We stand by our decision to proceed in the manner we did," she said.Wilson, who had been out on bail, wept quietly when the jury foreman read the verdict. Outside the courtroom, her father, Phillip Brooks, huddled with about 40 supporters, including many from her local church."Thank God this is settled and it came out the right way," Brooks said. He hoped his daughter could get a "fresh start and move on," and the Stubblefield family "can find it in their hearts to forgive."
The Star-Ledger, (Newark, NJ)
Man found not guilty in drug-heist slayings
Newark murder trial ends in rapid acquittal
KATIE WANG STAR-LEDGER STAFF
Published: October 1, 2004
A jury has cleared an East Orange man in the slaying of two men in a drug heist in Newark in 2002.
The 12-member Superior Court jury deliberated for an hour before deciding unanimously Wednesday afternoon that Tewhan Butler was not guilty of killing Sean Taylor and Johnny Torres Colon Sept. 11, 2002. Butler was acquitted on charges of murder, felony murder, robbery and two weapons offenses.Butler's attorney, Michael Robbins, who during the two-week trial in Newark faulted how police had treated the crime scene, hailed the verdict and said the trial underscored "serious problems" in the way homicides are investigated in Essex County."It's emblematic because here - as in virtually all of these cases - there is a lack of the type of proof that jurors require and expect in matters this serious," Robbins said.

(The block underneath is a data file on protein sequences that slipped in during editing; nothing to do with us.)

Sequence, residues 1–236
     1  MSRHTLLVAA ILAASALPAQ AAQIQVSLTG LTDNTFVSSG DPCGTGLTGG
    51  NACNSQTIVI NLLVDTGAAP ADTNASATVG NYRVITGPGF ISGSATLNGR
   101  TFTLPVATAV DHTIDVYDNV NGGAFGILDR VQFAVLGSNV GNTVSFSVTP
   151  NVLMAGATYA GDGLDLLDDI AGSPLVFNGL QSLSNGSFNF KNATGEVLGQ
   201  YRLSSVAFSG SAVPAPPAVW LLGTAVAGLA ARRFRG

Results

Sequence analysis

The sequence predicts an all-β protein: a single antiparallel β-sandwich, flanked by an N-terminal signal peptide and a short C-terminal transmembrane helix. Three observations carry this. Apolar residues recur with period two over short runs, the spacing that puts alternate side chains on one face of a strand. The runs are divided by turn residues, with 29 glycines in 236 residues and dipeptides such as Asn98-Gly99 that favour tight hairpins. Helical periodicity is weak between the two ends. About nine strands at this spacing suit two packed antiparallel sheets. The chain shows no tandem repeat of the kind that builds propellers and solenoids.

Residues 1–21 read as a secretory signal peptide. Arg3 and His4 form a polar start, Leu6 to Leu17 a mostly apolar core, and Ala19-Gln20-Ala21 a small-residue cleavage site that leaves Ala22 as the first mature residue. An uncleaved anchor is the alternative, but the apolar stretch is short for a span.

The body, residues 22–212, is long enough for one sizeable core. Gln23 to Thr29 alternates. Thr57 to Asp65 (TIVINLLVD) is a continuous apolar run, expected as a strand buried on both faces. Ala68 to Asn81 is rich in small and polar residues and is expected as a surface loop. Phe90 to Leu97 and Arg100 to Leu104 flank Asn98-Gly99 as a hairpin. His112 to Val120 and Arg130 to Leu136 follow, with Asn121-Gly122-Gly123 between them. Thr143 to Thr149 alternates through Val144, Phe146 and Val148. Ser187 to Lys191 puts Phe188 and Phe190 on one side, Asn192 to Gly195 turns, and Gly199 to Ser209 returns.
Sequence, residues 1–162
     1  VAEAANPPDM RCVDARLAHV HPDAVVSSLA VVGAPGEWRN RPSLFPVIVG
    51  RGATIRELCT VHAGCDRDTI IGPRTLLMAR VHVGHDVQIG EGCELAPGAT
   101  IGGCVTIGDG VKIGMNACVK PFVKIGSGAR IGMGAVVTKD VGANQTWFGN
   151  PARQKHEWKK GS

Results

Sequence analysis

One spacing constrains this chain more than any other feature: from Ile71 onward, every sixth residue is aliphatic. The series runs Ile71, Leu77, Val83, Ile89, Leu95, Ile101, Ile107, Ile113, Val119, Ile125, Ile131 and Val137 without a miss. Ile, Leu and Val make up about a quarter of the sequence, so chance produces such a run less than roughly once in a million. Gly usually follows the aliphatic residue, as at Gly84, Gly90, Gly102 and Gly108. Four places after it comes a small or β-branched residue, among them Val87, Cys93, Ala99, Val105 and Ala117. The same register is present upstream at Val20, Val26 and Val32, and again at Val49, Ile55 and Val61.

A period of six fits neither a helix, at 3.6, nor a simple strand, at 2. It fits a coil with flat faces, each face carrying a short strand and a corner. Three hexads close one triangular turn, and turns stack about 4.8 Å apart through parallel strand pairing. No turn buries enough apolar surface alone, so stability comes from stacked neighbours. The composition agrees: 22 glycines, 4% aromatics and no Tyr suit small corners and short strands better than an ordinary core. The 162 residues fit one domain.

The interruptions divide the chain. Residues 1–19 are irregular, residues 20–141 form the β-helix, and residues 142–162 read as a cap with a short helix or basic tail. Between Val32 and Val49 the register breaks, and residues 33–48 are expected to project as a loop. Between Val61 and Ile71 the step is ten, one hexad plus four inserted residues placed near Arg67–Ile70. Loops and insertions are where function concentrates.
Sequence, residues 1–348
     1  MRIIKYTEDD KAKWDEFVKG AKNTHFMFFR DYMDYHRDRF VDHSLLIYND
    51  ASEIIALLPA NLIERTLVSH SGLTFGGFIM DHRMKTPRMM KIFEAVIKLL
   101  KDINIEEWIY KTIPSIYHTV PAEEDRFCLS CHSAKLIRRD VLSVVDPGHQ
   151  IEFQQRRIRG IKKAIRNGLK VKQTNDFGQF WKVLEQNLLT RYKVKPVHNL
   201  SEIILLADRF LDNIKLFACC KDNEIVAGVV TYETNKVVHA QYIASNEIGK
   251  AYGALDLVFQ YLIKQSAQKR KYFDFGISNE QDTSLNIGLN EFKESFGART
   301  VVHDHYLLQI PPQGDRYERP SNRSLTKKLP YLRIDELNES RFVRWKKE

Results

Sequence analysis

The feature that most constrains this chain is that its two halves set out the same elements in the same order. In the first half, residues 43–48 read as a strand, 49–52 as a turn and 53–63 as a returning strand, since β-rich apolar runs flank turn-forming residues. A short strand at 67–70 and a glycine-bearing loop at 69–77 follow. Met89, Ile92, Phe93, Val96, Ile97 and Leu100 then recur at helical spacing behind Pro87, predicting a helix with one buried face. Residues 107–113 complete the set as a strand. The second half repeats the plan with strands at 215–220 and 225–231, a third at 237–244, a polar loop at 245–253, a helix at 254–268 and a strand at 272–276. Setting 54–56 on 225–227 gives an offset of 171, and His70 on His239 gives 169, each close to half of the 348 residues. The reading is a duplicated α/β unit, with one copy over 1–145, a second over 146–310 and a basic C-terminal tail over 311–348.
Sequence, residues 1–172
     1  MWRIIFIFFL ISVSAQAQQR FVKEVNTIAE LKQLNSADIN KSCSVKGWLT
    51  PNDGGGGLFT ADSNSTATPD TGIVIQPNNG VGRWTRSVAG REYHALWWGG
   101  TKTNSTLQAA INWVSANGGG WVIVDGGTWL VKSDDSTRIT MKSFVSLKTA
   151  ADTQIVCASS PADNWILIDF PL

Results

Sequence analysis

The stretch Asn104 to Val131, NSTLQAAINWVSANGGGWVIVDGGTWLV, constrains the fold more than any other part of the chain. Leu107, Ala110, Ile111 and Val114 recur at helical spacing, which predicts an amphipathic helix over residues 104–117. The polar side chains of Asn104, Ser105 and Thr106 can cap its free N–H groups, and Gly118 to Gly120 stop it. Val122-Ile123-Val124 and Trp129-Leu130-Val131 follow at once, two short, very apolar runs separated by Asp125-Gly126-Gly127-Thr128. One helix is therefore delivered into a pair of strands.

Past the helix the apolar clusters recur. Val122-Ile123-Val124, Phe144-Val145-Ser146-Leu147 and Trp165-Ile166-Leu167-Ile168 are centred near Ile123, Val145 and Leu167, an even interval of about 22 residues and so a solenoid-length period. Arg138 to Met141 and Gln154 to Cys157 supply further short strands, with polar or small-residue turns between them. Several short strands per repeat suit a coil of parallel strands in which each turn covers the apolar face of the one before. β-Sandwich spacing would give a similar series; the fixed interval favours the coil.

Eileen Cosgrove, the assistant Essex County prosecutor who handled the case, called Robbins' remarks inaccurate and irresponsible. She defended the homicide squads of the prosecutor's office and the Newark Police Department."They are overworked, understaffed and not given the necessary resources, due to the fact that budgetary appropriations for law enforcement have not kept pace with the increase of violent crimes and the rising expectations of jurors to provide forensic evidence they see on TV on shows like 'CSI' and 'Forensic Files,'" she said.Taylor, 31, known as "Sean D," and Colon, 20, were killed in the basement of Taylor's house on South 13th Street in Newark.
Taylor, a known drug dealer, was listening to music in the basement with friends when the shots were fired.Two people testified they saw Butler fleeing the scene. One said Butler was running down an alleyway, brandishing a gun. The other said he saw Butler running from the basement, clutching an unknown object in his hand.
Cosgrove said the state was unable to locate two other witnesses who were key to the prosecution's case.Robbins made police evidence the focal point of the trial. He said police failed to dust for fingerprints, check for footprints, find a weapon or collect DNA samples to help identify the gunman."In this case, the crime scene was handled in a sloppy, casual and, in our view, almost negligent fashion," said Robbins.Butler remains in custody, facing another murder charge. He also is facing racketeering charges, said Robbins.